We need grass-roots activism as much today as when ACT UP began
Last December, I got a call from a TV news producer. The White House had just released its so-called "National AIDS Strategy." The produce asked, "Doesn't this report sound like the president has embraced the goals of ACT UP?" I explained that he had done no such thing, that the document was yet another elaborate (and sadly familiar) public-relations con-a clever repackaging of existing do-little policies and lofty rhetoric.
But her question reminded me of how far we've come in the decade since ACT UP began-and how far we've yet to go. In June 1987, when I was arrested in front of the White House, along with 63 others demanding AIDS action, Ronald Reagan had only the night before-six years into the exploding epidemic-given his first AIDS speech. His AIDS policies were an evil brew of malign neglect and cruel stigmatization. Talk of quarantine was in the air. The FDA took forever to approve drugs. Researchers ran pitifully few-often unethical or repetitive-trials, with no community input. The few promising drugs were priced beyond greed.
These were the outrages that pushed me, and thousands of others, to join ACT UP. It was an exciting time of my life, when I became part of this surging energy of angry, creative people determined to stop the dying. What we accomplished was nothing short of amazing. Not only did we change many horrendous AIDS policies of government, science and industry, but our actions raised the whole country's consciousness and compassion-to such an extent that now most politicans at least give lip service to our goals.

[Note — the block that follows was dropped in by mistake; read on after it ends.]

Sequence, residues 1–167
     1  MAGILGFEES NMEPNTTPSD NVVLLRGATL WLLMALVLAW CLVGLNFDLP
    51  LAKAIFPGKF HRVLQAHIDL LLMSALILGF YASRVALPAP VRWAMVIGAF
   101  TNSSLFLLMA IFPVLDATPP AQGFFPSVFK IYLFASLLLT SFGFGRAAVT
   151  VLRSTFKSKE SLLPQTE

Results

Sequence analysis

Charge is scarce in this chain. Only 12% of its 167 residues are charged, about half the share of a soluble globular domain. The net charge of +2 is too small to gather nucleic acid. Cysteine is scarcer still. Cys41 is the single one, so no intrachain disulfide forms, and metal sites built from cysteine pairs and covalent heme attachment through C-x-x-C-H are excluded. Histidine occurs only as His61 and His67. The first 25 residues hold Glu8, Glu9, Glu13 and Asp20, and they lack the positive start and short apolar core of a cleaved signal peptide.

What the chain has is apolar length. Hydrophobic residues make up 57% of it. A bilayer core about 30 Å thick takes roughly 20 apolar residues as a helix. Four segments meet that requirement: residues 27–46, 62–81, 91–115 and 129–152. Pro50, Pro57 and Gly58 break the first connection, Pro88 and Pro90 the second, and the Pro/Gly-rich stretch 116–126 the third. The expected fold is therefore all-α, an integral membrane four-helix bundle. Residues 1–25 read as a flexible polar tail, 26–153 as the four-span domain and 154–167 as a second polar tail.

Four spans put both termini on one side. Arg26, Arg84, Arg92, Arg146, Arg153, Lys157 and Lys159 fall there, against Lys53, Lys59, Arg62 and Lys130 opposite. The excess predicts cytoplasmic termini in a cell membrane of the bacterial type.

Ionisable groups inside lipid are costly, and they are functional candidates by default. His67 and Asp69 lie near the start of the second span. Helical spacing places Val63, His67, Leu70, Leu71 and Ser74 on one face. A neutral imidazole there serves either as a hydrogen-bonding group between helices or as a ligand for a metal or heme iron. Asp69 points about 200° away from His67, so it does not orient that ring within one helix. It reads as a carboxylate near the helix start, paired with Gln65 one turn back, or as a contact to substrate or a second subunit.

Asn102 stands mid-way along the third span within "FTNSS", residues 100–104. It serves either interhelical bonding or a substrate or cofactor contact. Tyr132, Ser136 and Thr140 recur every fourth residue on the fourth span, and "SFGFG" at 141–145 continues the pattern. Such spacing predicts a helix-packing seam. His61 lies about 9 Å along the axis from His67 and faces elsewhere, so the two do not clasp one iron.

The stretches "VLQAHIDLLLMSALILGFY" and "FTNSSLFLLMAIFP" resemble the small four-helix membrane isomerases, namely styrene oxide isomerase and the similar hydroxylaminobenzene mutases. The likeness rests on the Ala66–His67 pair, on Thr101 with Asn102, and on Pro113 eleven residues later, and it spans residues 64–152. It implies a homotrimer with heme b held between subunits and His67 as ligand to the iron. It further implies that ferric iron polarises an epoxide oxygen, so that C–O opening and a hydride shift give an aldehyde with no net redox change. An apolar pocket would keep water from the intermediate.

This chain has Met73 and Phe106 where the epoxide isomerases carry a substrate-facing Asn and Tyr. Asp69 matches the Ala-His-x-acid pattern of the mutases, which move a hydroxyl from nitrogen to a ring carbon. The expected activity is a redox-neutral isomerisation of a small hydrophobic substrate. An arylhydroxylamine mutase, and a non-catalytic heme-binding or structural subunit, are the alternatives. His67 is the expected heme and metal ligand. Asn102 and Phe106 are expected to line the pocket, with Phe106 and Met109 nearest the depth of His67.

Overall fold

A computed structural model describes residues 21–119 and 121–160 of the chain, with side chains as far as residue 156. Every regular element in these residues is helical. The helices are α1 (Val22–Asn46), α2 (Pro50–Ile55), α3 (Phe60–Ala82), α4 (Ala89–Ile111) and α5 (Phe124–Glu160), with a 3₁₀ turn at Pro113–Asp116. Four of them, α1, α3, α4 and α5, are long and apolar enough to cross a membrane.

ACT UP also laid the groundwork for a new generation of community-based institutions to fight AIDS. POZ is one of those. It sprang out of my desire to simplify, popularize and broadly disseminate the huge volume of life-sustaining information-and inspiration-I had already found critical to my own survival.
So today, while the form of my activism has changed, I am as proud as ever of my ACT UP days. And my commitment to the ideals of nonviolent direct action to radically change the health care/wealth care monstrocity has only grown stronger. From the sky-high prices of drugs to the cruel slashing of social services to the genocidal tragedy of the continuing Clinton/Shalala HIV infections caused by their needle-exchange cowardice, it's clear we need grass-roots activism as much today as when ACT UP began.
It's not just about getting access to a drug or saving our own lives. It's about helping this country forge a new commitment to care and compassion and, in the process, rediscover our own humanit and ability to love each other.